How to Find Out If You Have a Trust Fund in Your Name?
Trusts are legal entities that provide financial, tax, and legal protections for individuals. They require a grantor who sets up the fund, one or more beneficiaries who receive the assets when the grantor dies, and a trustee who manages and distributes the assets at a later date.
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Using a trust can help you avoid probate or other costly estate taxes, protect assets from creditors, and control how your heirs spend their inheritances to reduce the risk that they “blow it” on expensive vacations, cars, gambling, and other activities. In addition, trust can be an effective way to ensure that your wishes are carried out after you die.
Types of Trusts
A trust can be a powerful tool for estate planning purposes, and many people choose to use them. While some types of trusts are more popular than others, all of them offer a number of benefits.
The main benefit of a funeral trust is that it can be used to set up prepayments for funeral-related expenses, such as a burial, transportation, grave-site marker, or mausoleum. Depending on the size of your estate and your wishes, you may want to consider setting up a trust for your funeral funds.
A children’s trust can be useful if you want to make gifts of funds to your minor children. It’s important to consult with a trust attorney to determine which type of trust would be best for your situation.
If you have a large family, a generation-skipping trust can be an effective way to minimize death taxes for your heirs. The income from the trust is distributed to a child or children at least 37 years old, thereby reducing the amount of death tax owed on your estate.
Life insurance and annuity contracts: You can change the ownership of these contracts from your name to a life insurance trust or a retirement income account. In these cases, you will need to complete a transfer of ownership form with the insurance company.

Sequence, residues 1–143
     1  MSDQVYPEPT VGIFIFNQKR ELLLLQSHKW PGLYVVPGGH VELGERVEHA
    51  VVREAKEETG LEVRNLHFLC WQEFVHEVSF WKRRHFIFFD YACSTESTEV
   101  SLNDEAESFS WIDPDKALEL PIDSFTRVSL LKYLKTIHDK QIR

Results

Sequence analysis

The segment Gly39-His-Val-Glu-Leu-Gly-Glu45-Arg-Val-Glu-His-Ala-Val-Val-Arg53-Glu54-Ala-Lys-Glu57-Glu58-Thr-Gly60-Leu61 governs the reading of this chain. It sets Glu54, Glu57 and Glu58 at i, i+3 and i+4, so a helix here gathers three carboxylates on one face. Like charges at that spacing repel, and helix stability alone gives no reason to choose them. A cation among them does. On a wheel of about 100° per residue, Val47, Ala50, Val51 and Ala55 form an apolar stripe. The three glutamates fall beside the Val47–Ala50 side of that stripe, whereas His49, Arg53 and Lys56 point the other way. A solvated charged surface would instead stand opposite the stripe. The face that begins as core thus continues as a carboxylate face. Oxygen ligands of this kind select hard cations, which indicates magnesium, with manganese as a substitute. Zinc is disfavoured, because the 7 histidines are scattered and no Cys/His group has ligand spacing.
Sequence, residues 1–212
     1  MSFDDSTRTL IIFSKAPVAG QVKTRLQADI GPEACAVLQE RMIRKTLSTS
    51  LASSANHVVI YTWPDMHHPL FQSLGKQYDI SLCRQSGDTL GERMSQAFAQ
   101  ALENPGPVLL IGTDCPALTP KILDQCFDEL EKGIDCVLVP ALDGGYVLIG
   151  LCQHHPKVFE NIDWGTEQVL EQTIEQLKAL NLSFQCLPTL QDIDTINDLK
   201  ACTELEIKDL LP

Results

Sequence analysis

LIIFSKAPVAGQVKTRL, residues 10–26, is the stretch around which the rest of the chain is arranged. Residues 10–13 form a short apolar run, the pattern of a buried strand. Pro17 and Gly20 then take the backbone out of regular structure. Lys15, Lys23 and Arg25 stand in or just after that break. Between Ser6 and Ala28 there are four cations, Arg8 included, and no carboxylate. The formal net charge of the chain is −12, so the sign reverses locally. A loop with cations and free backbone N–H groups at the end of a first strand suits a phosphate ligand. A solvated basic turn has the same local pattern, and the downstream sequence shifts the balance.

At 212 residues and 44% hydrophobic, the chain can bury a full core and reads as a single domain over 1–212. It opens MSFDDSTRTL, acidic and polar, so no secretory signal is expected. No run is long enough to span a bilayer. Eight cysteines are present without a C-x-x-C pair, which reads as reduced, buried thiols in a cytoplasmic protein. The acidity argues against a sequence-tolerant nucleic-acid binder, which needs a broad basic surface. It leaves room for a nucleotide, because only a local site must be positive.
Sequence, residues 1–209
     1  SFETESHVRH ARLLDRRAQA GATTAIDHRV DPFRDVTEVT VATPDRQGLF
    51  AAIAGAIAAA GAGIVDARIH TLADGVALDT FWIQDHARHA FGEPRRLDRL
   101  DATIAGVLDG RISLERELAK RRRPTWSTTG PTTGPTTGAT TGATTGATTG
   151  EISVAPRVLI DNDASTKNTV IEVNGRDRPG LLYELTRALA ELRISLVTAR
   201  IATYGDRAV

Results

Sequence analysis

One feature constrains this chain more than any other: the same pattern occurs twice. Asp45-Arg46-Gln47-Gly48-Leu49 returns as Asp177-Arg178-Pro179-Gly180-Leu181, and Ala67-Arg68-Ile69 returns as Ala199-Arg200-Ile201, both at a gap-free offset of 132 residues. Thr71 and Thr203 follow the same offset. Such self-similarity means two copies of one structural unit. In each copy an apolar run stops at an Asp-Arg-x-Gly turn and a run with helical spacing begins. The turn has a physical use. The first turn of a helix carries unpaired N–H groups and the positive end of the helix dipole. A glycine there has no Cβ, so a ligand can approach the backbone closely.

Medical savings accounts and other health-care accounts: You can name the trust as a primary or secondary beneficiary to ensure that the money transfers to the trust upon your death. However, it’s important to note that you can’t transfer these accounts directly to your living trust.
Bank and brokerage accounts: It’s usually easier to keep these accounts separate from your trust, as they can be subject to long probate processes when you pass away. If you do choose to transfer these assets, be sure to designate the trust as a beneficiary to avoid the need for long probate and the time it takes to convey them to your heirs.
Retirement accounts: Like medical and life savings accounts, retirement accounts are generally best kept out of a living trust. In these cases, you can name the trust as a primary or second beneficiary to prevent your heirs from withdrawing funds and potentially triggering income taxes.
Active financial accounts: It’s best to keep these accounts separate from your trust. This can be done by updating the title to your trust or transferring them to the trust via a designated beneficiary.